Oscar for Best Production Design: Why ‘La La Land’ & ‘Fantastic Beasts’ get a boost from their costumes

Best Production Design and Best Costume Design are two categories at the Oscars where scoring a nomination for both is critical to a film’s chances of winning either (read more on how that affects Best Costume Design here). Of the 85 times these awards have been handed out together, 60 of the Best Production Design winners were either nominated for or won Best Costume Design. Only 25 films since 1948 have won Production Design without a Costume Design nomination. So on paper this is a battle between “La La Land” and “Fantastic Beast and Where to Find Them,” the only two films nominated in both contests.

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The academy first started awarding Production Design (previously known as Best Art Direction) in 1927, but did not recognize Costume Design until 1948, and since then they have been awarded a total of 85 times. From 1948-1956 and 1959-1966 the academy gave an award for both black-and-white and color films for each category. Of the 85 times these two awards have been handed out they’ve been awarded together 43 times, from the beginning in 1948 (black and white) when “Hamlet” won both to last year when “Mad Max: Fury Road” swept both. So winning in either category can depend on your film being nominated in the other category.

Only two films scored both a Production Design and Costume Design nomination: “La La Land” and “Fantastic Beast and Where to Find Them.” But both films have major hurdles to clear in order to win an Oscar for Production Design. “La La Land” is set in modern day Los Angeles, and typically voters prefer period films or recently films with a large amount of CGI (i.e. “Avatar” in 2009, “Hugo” in 2011). “Fantastic Beasts and Where to Find Them,” a “Harry Potter” prequel, is at an even greater disadvantage as none of the original eight “Potter” films ever won an Oscar regardless of the category.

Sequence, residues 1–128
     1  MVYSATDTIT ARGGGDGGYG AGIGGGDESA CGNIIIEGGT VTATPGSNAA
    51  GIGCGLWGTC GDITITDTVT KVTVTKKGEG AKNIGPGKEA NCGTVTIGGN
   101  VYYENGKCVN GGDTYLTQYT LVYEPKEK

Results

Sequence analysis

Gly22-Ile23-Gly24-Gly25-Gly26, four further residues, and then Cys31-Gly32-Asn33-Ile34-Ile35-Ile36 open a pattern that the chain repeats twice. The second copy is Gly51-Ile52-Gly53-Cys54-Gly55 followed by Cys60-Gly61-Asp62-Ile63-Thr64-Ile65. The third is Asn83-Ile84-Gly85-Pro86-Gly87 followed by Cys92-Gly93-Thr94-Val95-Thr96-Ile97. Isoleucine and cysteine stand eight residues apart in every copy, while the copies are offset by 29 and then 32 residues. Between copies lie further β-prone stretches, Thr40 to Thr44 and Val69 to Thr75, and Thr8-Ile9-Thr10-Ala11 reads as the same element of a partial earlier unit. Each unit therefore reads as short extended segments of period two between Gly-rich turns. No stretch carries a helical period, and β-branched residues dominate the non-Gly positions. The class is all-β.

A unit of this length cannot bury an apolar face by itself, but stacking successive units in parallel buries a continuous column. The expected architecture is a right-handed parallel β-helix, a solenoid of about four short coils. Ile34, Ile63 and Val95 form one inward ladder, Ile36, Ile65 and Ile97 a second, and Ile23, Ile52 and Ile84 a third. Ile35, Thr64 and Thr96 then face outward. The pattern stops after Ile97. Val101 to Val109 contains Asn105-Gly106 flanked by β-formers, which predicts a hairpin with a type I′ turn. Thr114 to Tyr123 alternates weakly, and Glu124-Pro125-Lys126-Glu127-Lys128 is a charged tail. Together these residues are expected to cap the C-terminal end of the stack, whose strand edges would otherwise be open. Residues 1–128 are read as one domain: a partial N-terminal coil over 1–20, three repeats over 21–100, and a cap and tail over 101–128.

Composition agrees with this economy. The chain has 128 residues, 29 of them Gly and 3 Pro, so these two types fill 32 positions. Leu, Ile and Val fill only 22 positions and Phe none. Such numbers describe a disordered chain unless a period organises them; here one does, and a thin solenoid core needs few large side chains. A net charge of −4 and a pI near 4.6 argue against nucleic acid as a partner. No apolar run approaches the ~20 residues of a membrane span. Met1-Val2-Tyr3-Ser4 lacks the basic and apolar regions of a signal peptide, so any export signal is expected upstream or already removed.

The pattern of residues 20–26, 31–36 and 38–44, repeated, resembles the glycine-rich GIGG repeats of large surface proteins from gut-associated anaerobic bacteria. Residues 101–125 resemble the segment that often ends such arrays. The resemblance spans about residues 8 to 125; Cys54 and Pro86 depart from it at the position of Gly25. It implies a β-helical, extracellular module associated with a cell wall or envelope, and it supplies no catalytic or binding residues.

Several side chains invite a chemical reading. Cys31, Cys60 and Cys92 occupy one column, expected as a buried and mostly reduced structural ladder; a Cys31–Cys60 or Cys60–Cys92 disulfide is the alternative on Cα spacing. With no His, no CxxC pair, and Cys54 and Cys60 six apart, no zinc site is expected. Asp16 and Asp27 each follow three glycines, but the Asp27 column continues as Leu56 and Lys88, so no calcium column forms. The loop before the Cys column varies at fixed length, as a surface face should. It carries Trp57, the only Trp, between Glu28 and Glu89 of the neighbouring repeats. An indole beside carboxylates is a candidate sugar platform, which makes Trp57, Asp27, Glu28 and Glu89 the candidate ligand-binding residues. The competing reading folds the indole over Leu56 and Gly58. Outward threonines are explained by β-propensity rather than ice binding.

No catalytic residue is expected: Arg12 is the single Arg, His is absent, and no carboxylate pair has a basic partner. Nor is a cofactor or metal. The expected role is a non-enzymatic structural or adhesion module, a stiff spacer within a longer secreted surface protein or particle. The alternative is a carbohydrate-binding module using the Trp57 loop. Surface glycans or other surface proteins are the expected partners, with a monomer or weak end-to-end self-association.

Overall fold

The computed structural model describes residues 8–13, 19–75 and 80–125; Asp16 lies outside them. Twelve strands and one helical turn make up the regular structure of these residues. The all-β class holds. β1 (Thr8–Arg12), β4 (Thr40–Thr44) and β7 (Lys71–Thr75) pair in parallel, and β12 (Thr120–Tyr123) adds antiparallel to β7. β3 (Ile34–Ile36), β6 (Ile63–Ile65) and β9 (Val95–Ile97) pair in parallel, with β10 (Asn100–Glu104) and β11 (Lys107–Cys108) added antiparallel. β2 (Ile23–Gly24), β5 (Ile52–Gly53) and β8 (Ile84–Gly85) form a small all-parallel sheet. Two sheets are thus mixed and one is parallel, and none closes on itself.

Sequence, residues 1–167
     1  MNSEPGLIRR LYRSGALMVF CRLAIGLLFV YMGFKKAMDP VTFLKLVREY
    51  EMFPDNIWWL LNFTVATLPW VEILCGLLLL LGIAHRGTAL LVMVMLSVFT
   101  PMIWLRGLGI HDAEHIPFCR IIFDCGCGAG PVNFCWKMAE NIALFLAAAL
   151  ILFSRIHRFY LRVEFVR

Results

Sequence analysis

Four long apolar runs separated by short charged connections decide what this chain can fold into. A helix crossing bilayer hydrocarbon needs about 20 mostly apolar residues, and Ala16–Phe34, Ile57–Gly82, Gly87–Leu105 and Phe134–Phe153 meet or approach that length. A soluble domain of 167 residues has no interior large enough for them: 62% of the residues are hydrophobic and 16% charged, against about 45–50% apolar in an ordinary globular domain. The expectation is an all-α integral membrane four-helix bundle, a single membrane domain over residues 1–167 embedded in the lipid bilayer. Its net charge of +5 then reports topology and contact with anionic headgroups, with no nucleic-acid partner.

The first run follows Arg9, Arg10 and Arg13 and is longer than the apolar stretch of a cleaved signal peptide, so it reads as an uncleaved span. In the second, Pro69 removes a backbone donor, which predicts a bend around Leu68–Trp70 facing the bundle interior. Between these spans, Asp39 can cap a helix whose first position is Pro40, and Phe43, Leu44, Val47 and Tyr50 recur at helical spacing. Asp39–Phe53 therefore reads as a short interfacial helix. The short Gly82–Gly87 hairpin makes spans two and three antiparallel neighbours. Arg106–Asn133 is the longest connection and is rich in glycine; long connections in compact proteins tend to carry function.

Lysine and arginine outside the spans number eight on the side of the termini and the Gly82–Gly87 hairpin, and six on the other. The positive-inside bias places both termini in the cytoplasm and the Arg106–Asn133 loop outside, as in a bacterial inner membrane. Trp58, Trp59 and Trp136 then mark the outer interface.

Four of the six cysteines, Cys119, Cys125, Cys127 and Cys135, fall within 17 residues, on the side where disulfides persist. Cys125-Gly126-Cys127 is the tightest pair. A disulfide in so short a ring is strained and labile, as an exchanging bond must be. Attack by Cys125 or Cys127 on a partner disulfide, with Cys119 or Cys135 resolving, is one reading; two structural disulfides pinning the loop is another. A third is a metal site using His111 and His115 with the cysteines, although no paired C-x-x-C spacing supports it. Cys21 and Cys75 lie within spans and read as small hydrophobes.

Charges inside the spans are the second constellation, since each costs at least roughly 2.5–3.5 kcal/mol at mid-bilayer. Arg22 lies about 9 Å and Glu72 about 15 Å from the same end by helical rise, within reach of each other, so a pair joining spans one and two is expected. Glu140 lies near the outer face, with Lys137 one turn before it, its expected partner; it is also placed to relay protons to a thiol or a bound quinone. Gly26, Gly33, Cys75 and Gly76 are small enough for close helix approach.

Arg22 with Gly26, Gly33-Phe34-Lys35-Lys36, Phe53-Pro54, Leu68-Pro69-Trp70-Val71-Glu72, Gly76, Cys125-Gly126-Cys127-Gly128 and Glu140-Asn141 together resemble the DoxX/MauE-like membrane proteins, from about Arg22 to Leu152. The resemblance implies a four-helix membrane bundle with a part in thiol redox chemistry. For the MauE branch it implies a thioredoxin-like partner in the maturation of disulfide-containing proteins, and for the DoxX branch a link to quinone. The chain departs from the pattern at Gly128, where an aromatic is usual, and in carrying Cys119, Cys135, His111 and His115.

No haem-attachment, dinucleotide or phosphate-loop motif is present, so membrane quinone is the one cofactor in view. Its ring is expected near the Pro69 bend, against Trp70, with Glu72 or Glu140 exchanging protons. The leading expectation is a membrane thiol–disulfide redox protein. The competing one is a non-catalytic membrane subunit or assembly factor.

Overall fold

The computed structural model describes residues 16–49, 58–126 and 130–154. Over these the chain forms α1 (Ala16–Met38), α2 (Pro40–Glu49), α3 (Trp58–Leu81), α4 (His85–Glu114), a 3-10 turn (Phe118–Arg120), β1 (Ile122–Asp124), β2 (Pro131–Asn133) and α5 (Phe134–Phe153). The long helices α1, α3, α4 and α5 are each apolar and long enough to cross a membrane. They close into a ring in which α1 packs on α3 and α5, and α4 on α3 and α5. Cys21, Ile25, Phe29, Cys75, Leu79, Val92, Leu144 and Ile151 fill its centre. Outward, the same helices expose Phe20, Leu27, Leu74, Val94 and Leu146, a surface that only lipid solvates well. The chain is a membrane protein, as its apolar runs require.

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According to Gold Derby’s exclusive odds, “La La Land” is the current front-runner to win with odds of 2/9. Right on its heels is “Fantastic Beasts” in second place with odds of 11/1. “Arrival” is in a close third place with odds of 14/1. Rounding out the category are “Hail Caesar!” in fourth place with odds of 66/1 and in last place “Passengers” with odds of 80/1.

Let’s dial this down to each film’s chance based on the categories’ history of being awarded together. Before either award is handed out there is a 29.41% chance it will go to “Arrival,” “Hail Caesar!” or “Passengers” (9.80% each) based on the 25 out of 85 Production Design winners that lacked a corresponding Costume Design nom. There’s a 70.59% chance it will go to “La La Land” or “Fantastic Beasts” (35.29% each) because they’re nominated for both.

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If “La La Land” should win Costume Design as expected its odds of winning Production Design increase to 50.59% because both awards have gone to the same film 43 out of 85 times. Meanwhile, the chances for “Fantastic Beasts” drop to 20% because out of the films nominated in both categories. only 17 have won Production Design without winning Costume Design. The other three films remain at 9.80% each.

But what happens if both films should lose Costume Design? If that should happen then their odds drop from the original 35.29% to 20.24% because out of 42 instances when the two categories didn’t match, only 17 times did the Production Design winner have a Costume Design nomination. And the other three films’ odds actually improve to 19.84% since 25 films during those mismatched races won Production Design after being snubbed for Costume Design. That’s a virtually dead-even five-way race for Production Design if neither “La La Land” nor “Fantastic Beasts” wins the costume contest.

If we narrow this down to just the last 15 years, 13 films (86.67%) of the winners in Production Design were also at least nominated for Costume Design, giving both “La La Land” and “Fantastic Beasts” both slightly better odds at 43.33% and the other remaining films odds of 4.44% each. If either of the two nominated should win Costume Design its probability of winning Production Design shoots up to 60.00% as nine films have won both, while the also-ran’s odds drop to 26.67%. If both should lose Costume Design their odds drop to 33.33% each. Meanwhile, “Arrival,” “Hail Caesar!” and “Passengers” would still only have an 11.11% chance as only two films have won Production Design without being nominated for Costume Design in the past 15 years.

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Be sure to make your Oscar predictions. Weigh in now with your picks so that Hollywood insiders can see how their films are faring in our Oscar odds. You can keep changing your predictions right up until just before winners are announced on February 26 at 5:00 pm PT/8:00 pm ET. And join in the fierce debate over the Oscars taking place right now with Hollywood insiders in our forums.

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